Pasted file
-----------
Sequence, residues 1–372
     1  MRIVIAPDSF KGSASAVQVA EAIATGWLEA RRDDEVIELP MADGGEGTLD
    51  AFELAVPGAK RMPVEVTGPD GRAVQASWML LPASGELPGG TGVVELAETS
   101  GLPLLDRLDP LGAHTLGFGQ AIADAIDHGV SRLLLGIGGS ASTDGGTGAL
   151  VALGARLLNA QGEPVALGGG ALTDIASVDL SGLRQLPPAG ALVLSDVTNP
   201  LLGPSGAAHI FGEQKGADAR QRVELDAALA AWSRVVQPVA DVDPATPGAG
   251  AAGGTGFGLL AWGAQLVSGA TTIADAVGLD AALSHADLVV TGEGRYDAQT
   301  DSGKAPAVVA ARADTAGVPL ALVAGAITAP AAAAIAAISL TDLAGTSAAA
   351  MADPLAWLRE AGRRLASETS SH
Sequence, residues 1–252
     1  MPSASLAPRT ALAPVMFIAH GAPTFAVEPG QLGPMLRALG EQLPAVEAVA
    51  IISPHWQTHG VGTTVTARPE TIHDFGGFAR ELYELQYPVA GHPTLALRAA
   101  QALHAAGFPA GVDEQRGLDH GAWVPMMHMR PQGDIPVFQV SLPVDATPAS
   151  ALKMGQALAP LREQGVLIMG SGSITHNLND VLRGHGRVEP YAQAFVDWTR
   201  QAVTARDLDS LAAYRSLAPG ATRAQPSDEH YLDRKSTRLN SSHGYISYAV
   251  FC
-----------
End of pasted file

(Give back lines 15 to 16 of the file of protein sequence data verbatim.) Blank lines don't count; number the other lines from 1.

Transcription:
   201  QAVTARDLDS LAAYRSLAPG ATRAQPSDEH YLDRKSTRLN SSHGYISYAV
   251  FC